The Origins of Totalitarianism, published in 1951, was Hannah Arendt's first major work, wherein she describes and analyzes Nazism and Stalinism, the major totalitarian political movements of the first half of the 20th century. The book is regularly listed as one of the best non-fiction books of the 20th century.
Le Monde placed the book among the 100 best books of any kind of the 20th century, while the National Review ranked it #15 on its list of the 100 best non-fiction books of the century. The Intercollegiate Studies Institute listed it among the 50 best non-fiction books of the century. The book made a major impact on Norman Podhoretz, who compared the pleasure of reading it to that of reading a great poem or novel. "It seemed to me", he wrote, " - and I was far from alone in this - that Hannah Arendt had uncovered the interrelations among all the terrible things that had happened and were still happening in the twentieth century and that in tracing the development of these connections she had arrived at a new understanding of how they had culminated in the greatest evil of all."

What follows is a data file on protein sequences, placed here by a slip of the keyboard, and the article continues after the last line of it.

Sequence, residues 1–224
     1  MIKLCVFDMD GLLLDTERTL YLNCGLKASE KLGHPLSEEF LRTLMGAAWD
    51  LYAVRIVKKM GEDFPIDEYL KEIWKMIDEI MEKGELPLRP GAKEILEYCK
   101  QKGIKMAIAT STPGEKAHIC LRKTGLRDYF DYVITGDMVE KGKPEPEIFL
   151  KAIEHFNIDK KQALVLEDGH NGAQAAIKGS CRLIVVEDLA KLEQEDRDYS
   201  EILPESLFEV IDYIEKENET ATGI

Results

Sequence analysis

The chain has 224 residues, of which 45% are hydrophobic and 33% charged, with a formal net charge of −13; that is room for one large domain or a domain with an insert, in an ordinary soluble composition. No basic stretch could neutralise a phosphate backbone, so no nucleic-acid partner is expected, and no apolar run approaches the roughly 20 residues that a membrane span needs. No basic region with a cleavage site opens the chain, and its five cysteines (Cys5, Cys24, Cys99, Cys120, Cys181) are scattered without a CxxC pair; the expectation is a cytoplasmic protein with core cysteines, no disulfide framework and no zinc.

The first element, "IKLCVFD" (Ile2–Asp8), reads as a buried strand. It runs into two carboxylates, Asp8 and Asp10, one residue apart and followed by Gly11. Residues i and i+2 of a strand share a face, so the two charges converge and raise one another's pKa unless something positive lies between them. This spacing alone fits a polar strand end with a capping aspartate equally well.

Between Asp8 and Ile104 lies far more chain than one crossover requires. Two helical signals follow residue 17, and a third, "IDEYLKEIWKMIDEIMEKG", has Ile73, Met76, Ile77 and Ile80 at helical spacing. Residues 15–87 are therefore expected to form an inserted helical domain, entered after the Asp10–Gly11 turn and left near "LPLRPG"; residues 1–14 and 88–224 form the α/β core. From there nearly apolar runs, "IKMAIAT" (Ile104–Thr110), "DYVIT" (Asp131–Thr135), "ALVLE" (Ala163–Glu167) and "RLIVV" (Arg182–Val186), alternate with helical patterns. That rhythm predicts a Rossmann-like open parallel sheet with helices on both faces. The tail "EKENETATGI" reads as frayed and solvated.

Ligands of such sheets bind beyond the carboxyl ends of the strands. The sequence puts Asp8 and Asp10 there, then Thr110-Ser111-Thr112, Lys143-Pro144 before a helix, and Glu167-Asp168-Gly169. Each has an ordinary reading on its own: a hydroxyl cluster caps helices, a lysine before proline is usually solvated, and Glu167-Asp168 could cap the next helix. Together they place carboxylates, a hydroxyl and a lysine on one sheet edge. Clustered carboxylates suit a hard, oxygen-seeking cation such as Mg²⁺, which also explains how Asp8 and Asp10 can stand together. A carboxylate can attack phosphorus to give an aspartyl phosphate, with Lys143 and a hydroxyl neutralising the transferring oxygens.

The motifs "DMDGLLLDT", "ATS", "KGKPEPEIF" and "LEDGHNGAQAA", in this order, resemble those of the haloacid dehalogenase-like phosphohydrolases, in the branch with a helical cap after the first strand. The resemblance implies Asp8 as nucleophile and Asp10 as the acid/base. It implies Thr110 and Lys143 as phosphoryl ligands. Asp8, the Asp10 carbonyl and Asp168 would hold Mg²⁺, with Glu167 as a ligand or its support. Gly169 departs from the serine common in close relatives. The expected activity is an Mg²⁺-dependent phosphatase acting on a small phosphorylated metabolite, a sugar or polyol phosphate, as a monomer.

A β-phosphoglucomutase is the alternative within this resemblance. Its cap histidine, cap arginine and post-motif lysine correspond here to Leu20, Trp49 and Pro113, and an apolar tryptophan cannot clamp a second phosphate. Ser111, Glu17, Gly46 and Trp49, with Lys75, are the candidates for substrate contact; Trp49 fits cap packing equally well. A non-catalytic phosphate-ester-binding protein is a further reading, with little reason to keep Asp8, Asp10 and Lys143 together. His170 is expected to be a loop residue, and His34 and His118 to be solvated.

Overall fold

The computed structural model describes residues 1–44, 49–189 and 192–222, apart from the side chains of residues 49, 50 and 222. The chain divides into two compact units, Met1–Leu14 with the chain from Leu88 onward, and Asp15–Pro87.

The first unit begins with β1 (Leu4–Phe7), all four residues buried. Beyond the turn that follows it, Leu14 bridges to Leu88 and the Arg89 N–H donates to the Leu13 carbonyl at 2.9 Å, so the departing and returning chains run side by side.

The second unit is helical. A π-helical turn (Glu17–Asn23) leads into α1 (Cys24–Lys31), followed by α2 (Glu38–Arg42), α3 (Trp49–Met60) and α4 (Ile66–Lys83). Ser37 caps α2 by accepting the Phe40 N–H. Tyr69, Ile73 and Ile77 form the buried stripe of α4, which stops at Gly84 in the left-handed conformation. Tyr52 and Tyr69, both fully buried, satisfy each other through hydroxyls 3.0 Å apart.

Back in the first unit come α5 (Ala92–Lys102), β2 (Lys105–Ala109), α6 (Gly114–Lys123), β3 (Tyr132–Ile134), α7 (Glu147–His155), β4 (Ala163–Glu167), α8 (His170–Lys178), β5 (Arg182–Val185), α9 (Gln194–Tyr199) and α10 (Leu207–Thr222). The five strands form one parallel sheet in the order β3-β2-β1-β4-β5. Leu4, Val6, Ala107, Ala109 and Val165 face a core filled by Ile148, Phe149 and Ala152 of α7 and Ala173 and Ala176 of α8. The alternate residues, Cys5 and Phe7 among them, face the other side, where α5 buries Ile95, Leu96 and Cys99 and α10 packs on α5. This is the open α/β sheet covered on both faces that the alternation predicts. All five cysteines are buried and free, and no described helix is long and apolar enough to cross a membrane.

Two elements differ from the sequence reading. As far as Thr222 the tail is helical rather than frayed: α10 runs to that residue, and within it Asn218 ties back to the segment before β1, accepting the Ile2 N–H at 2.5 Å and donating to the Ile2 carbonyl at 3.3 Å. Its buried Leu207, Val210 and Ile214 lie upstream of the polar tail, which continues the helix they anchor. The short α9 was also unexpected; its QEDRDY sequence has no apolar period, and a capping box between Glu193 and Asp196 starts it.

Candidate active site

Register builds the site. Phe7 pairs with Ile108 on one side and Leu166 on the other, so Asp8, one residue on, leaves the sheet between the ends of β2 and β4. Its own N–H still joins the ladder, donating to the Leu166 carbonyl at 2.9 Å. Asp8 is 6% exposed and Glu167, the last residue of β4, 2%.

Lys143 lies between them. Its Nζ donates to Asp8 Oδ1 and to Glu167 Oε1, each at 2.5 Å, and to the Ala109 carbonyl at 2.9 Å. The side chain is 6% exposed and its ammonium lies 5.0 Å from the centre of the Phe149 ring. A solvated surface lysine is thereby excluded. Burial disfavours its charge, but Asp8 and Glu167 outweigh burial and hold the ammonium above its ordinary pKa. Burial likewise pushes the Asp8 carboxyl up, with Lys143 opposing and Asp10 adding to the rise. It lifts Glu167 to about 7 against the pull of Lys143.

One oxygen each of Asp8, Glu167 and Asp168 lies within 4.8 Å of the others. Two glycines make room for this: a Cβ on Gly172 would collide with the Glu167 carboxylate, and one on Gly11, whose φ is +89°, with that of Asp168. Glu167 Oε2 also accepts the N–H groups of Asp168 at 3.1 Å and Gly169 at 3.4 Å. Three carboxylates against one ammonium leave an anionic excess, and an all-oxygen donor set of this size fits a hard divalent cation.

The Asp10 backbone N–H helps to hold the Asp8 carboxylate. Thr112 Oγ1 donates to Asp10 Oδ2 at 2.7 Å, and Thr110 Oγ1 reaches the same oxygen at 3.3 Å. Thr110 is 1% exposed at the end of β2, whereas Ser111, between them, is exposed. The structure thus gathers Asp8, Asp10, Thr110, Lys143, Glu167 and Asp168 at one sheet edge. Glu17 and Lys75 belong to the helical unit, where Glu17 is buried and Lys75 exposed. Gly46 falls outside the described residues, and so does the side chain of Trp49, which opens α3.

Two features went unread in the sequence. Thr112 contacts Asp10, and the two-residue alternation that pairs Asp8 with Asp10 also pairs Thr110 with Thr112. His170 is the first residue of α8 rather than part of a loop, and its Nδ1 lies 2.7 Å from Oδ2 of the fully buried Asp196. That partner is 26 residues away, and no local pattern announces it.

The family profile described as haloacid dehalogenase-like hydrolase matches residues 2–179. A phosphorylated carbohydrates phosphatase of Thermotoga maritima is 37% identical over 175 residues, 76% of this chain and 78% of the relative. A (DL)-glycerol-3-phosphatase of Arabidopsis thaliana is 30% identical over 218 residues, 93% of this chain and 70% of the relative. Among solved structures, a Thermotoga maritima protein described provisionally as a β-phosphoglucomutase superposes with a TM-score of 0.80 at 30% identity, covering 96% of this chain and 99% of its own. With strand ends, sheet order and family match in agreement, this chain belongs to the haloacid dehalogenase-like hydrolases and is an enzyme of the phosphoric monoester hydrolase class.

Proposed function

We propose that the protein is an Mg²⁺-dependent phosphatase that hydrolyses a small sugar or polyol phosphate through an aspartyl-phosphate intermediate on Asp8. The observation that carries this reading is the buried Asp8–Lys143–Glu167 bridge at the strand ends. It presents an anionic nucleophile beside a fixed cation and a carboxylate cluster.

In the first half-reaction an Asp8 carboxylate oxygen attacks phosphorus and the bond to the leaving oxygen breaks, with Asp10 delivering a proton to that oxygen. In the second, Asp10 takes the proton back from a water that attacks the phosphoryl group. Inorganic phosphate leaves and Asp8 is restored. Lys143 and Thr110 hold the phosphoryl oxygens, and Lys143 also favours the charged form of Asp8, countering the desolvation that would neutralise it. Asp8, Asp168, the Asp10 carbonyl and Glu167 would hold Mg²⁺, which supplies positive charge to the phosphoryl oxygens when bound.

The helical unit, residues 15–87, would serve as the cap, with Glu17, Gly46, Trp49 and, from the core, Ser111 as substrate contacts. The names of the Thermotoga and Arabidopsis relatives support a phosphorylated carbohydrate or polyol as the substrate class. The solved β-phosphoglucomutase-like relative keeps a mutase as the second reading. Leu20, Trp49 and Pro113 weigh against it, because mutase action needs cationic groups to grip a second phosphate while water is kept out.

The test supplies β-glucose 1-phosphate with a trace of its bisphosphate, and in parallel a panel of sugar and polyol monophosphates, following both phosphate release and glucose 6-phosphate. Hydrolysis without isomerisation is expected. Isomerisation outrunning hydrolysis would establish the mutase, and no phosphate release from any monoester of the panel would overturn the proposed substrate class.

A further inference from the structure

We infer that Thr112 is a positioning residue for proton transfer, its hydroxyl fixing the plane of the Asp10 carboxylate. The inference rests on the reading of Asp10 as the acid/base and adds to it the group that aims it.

The book has also attracted criticism, among them a piece in the Times Literary Supplement in 2009 by University of Chicago professor Bernard Wasserstein. Wasserstein cited Arendt's systematic internalization of the various anti-Semitic and Nazi sources and books she was familiar with, which led to the use of many of these sources as authorities in the book, although this has not been substantiated by other Arendt scholars.
(The above was built around a Wikipedia page.)